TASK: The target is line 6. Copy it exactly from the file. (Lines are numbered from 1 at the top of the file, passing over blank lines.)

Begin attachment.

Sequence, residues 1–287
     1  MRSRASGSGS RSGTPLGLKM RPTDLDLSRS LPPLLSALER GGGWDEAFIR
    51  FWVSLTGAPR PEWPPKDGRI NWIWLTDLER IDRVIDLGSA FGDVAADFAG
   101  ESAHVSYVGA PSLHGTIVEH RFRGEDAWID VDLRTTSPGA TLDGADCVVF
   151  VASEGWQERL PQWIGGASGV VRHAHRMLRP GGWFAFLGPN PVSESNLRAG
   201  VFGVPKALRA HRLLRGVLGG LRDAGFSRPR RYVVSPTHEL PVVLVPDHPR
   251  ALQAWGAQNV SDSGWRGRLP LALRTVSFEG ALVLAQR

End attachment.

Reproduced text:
   201  VFGVPKALRA HRLLRGVLGG LRDAGFSRPR RYVVSPTHEL PVVLVPDHPR